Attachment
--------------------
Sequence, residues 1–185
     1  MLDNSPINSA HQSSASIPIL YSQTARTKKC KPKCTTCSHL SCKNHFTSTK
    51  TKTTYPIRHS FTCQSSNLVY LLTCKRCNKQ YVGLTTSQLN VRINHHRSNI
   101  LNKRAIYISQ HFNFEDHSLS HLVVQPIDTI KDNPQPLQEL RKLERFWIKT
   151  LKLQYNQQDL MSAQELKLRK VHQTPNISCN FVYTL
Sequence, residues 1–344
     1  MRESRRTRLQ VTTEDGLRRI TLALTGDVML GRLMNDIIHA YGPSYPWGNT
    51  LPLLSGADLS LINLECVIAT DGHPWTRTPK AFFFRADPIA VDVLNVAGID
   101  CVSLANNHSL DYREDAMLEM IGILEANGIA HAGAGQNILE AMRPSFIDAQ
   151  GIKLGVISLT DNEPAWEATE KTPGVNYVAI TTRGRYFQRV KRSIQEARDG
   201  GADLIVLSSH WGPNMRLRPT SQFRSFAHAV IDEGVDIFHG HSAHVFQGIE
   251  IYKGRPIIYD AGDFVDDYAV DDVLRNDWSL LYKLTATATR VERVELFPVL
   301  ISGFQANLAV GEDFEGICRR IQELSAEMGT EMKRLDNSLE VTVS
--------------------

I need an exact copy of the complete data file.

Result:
Sequence, residues 1–185
     1  MLDNSPINSA HQSSASIPIL YSQTARTKKC KPKCTTCSHL SCKNHFTSTK
    51  TKTTYPIRHS FTCQSSNLVY LLTCKRCNKQ YVGLTTSQLN VRINHHRSNI
   101  LNKRAIYISQ HFNFEDHSLS HLVVQPIDTI KDNPQPLQEL RKLERFWIKT
   151  LKLQYNQQDL MSAQELKLRK VHQTPNISCN FVYTL
Sequence, residues 1–344
     1  MRESRRTRLQ VTTEDGLRRI TLALTGDVML GRLMNDIIHA YGPSYPWGNT
    51  LPLLSGADLS LINLECVIAT DGHPWTRTPK AFFFRADPIA VDVLNVAGID
   101  CVSLANNHSL DYREDAMLEM IGILEANGIA HAGAGQNILE AMRPSFIDAQ
   151  GIKLGVISLT DNEPAWEATE KTPGVNYVAI TTRGRYFQRV KRSIQEARDG
   201  GADLIVLSSH WGPNMRLRPT SQFRSFAHAV IDEGVDIFHG HSAHVFQGIE
   251  IYKGRPIIYD AGDFVDDYAV DDVLRNDWSL LYKLTATATR VERVELFPVL
   301  ISGFQANLAV GEDFEGICRR IQELSAEMGT EMKRLDNSLE VTVS